Photo: Uploaded by web visitor (20120227135016809.jpg)/Heather Swift © protected Woodland Trust
About this wood
Round Hill Wood, acquired by the Woodland Trust in 1981, is small 0.38ha urban woodland situated on a round prominent knoll in a housing estate on the eastern edge of Kendal. Houses and gardens surround the woodland apart from the north west boundary running along Sedbergh Drive and a short boundary with pasture-land to the north east. The boundaries vary considerably including wire fences, hedges, a leylandii hedge and a drystone wall; of particular note is the high, stepped retaining wall (retaining the wood) along Sedbergh Drive and the safety fence preventing access to the wall from the woodland side. Only pedestrian access is available into the site and this is via four concrete steps leading from Sedbergh Drive, form here informal paths rise steeply to the summit of the knoll, which is marked by a rustic compass-design seat of logs.
Originally the wood consisted of a group of mature oak (Quercus petraea), beech (Fagus sylvatica), elm (Ulmus glabra), sycamore (Acer pseudoplatanus) and ash (Fraxinus excelsior) thought to be planted about 1880. For safety reasons most of these were felled, the remaining mature trees consist of only nine oak and one sycamore all of which have been topped to approximately two thirds their original height. During the early 1980s the southern and eastern peripheries of the woodland were planted with oak, beech and ash, none of the ash has survived though the beech and oak are now well established. In 1992/3 the open ground, resulting from the safety felling, was planted with 500 trees by volunteers from the local community with the overall aim of re-creating a small, sustainable wood using a mixture of trees chosen for their wildlife and amenity value. The main species planted were oak (Quercus petraea), beech (Fagus sylvatica), silver birch (Betula pendula), bird cherry (Prunus padus), rowan (Sorbus aucuparia), hazel (Corylus avellana), hawthorn (Crataegus monogyna), blackthorn (prunus spinosa) and dog rose (Rosa canina). Favourable conditions exist for natural regeneration and where light allows a number of tree species, predominantly holly (Ilex aquifolium) and rowan have grown naturally.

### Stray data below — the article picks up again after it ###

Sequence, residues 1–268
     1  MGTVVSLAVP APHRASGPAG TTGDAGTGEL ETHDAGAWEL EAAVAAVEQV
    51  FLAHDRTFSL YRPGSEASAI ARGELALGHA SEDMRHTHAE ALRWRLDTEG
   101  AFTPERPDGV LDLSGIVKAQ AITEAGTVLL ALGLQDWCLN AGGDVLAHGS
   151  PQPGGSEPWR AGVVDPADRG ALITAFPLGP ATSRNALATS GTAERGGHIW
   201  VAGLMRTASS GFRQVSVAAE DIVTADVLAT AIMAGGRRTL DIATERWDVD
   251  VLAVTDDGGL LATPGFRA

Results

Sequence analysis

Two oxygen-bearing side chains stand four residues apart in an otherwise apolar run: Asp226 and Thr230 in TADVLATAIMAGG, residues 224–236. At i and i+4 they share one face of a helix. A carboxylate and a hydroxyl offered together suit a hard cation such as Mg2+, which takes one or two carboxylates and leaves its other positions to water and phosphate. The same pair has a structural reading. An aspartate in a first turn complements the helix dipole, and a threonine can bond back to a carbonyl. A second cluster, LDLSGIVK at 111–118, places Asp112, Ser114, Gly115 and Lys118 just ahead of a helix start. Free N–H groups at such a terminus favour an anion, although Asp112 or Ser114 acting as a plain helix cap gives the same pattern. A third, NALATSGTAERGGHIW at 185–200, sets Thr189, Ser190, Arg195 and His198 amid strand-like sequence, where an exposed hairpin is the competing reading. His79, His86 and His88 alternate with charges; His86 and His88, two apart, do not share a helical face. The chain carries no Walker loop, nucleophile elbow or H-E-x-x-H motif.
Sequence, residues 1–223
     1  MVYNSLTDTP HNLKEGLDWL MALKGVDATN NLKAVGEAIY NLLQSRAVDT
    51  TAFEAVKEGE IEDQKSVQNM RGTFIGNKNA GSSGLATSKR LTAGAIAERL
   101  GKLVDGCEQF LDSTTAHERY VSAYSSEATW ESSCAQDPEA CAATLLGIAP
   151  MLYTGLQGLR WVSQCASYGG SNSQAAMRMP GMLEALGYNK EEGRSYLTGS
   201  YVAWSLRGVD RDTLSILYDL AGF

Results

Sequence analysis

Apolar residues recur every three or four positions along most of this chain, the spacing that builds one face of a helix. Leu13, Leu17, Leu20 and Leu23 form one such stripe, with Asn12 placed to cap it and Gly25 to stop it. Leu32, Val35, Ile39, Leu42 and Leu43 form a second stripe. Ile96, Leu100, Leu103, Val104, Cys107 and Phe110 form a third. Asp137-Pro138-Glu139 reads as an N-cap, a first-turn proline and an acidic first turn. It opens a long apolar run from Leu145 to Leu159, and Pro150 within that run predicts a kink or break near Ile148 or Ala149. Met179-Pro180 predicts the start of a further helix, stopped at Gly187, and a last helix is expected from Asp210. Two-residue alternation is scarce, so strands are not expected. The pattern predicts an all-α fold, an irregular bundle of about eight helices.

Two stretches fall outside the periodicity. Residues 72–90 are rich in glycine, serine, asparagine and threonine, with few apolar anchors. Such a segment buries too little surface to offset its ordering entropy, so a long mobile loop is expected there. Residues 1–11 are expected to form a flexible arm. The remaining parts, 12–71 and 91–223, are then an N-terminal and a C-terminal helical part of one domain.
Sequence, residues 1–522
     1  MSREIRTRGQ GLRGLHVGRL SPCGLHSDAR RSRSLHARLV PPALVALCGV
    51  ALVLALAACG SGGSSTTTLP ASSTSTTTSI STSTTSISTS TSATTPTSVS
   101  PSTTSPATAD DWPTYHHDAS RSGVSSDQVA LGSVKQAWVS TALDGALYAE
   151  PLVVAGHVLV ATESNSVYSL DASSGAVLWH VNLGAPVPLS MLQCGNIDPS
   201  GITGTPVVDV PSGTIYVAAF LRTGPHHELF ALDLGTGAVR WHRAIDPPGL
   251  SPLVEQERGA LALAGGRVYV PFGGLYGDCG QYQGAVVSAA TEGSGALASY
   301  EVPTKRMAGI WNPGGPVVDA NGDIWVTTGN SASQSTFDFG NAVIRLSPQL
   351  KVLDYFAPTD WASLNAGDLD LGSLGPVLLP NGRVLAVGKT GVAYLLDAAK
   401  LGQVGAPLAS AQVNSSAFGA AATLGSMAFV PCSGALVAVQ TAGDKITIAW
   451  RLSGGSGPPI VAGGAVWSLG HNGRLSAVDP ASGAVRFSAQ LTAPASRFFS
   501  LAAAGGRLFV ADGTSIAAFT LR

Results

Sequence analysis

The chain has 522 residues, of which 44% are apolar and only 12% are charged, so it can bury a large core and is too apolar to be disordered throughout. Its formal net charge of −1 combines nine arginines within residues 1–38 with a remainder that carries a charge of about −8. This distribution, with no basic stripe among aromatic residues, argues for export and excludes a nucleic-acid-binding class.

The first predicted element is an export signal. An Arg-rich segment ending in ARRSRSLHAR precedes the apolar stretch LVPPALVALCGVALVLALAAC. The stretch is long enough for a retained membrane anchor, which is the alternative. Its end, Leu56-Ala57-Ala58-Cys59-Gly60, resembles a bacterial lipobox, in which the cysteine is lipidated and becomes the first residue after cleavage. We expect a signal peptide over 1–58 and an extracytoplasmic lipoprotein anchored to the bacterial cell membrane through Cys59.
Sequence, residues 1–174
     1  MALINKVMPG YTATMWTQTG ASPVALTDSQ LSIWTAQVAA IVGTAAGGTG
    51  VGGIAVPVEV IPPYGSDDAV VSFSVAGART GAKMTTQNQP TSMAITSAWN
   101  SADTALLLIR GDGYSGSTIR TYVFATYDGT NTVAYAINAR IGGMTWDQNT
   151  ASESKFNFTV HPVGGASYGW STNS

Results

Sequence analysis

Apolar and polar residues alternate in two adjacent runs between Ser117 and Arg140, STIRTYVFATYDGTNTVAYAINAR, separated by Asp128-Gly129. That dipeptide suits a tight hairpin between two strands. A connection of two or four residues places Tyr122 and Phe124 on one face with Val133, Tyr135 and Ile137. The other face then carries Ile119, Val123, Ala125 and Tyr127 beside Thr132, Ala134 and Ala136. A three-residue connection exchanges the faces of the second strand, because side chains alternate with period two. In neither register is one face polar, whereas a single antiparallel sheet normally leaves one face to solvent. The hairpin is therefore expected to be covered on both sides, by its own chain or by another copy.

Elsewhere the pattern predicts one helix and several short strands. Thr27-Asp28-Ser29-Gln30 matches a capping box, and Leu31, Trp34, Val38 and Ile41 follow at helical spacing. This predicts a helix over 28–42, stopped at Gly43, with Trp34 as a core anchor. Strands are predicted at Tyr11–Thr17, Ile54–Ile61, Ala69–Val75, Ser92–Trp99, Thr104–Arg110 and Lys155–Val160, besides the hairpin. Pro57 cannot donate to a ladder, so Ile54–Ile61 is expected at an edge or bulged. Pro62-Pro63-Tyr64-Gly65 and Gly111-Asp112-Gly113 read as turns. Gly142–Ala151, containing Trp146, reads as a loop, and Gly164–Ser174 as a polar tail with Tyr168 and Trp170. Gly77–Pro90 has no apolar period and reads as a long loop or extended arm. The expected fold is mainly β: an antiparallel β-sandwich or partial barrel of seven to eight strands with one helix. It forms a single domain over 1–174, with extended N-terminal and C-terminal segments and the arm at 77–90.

Bramble (Rubus fruticosus) dominates the herb layer particularly below the planted trees whilst the paths and open ground are generally covered with common bent (Agrostis capillaris), creeping bent (Agrostis stolonifera), cocksfoot (Dactylis glomerata) and some rye-grass (Lolium perenne). Other species noted to be present include Rose-bay willowherb (Epilobium angustifolium), wild raspberry (Rubus idaeus), sphagnum moss, rushes (Juncus spp.) common nettle (Urtica dioica) and common sorrel (Rumex acetosa). The wood provides habitats for a wide range of bird species and small mammals. Whilst small, the woodland is used by local people, especially children, for recreation and is of great importance for its conservation, habitat and landscape value within an urban setting.More about this wood ...